NEW YORK (Reuters) - A 56-page handwritten notebook that belonged to World War Two Nazi code breaker and computer pioneer Alan Turing, played by actor Benedict Cumberbatch in the film “The Imitation Game,” sold for more than $1 million at an auction in New York, Bonhams said on Monday.
Turing, a British mathematical genius, led a team of cryptographers who cracked the wartime Enigma code, which the Germans had considered unbreakable. Their work is credited with hastening the end of the war and saving lives.
Cassandra Hatton, senior specialist in Bonhams’ fine books and manuscripts department, said the result of the auction as a testament to Turing’s legacy. Bonhams declined to name the buyer.
“It reflects his importance in history. I think he is someone who merits further study, and I hope this contributes to increased interest in him and his work,” she said in an interview.
The auction also reaffirms a growing interest in scientific material, the history of computers, space, exploration and early science, she added.
Part of the proceeds from the sale will go to an unspecified charity.
The notebook, which had never been seen in public, is considered the only existing, extensive manuscript by Turing. It dates back to 1942 and was left to his friend Robin Gandy. In it Turing worked on mathematical formulas and the basics of computer science, giving insights into the workings of his brilliant mind.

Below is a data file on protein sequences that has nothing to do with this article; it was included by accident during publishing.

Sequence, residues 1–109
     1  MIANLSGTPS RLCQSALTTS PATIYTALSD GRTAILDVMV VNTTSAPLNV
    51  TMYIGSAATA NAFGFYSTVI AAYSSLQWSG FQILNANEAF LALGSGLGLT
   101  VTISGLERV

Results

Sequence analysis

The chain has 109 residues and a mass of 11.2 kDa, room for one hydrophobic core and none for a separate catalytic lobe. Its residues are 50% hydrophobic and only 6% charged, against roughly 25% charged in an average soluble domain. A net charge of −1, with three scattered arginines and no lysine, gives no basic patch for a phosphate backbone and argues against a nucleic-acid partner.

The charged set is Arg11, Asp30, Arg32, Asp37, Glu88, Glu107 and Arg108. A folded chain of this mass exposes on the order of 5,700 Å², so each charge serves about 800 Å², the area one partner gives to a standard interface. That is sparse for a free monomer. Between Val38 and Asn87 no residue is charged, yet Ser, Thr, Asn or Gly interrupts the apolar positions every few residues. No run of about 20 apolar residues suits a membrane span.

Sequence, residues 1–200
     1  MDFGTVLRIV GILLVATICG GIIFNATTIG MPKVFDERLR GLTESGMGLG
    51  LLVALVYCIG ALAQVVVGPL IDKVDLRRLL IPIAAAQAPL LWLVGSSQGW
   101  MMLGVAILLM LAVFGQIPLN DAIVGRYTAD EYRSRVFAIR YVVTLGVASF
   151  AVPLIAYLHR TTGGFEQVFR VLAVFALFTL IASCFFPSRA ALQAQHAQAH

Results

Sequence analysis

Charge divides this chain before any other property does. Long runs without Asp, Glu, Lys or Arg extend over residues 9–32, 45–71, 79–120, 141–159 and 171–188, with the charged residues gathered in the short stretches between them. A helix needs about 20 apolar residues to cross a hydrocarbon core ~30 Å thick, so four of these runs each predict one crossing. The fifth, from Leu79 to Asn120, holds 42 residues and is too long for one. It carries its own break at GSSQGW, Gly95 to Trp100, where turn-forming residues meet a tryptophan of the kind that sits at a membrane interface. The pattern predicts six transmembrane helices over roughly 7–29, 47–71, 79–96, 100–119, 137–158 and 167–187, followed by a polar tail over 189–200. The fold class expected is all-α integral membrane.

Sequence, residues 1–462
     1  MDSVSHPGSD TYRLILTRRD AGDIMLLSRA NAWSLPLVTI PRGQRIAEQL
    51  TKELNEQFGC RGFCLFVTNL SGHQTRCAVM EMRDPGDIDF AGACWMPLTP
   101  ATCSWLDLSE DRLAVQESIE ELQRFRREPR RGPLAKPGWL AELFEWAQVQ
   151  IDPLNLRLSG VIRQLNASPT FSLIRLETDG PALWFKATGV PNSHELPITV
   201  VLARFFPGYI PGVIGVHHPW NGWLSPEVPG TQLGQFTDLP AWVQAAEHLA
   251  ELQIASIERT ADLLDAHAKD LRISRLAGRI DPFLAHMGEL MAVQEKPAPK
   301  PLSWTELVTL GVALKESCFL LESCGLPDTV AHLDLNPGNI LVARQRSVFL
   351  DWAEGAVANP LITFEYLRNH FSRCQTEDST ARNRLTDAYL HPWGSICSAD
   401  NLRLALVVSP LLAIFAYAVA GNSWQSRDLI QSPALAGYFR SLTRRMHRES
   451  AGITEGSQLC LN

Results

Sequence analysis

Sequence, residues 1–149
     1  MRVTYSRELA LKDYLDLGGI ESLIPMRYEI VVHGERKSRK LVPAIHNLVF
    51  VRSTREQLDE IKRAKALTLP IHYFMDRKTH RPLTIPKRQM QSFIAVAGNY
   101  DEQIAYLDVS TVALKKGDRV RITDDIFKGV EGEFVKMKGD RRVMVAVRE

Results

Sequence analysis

Gandy added his own notes between the pages of Turing’s musings and kept the notebook hidden until his death.
Turing, a homosexual, never received credit for his groundbreaking work during the war. He committed suicide in 1954 at the age of 41 while receiving hormone treatment. It was an alternative to imprisonment after he was charged with gross indecency in 1952 for having sex with a man. Homosexual sex was a crime at that time in Britain.
Sixty years after his death Turing received a rare, royal pardon by Queen Elizabeth for his gay conviction.
Cumberbatch received a best actor Academy Award nomination for his portrayal of Turing in the film, which won an Oscar for best adapted screenplay. The film is based on the book, “Alan Turing: The Enigma,” by Andrew Hodges.
“This notebook shines extra light on how, even when he was enmeshed in great world events, he remained committed to free-thinking work in pure mathematics,” Hodges said in a statement.
Editing by Piya Sinha-Roy and Lisa Shumaker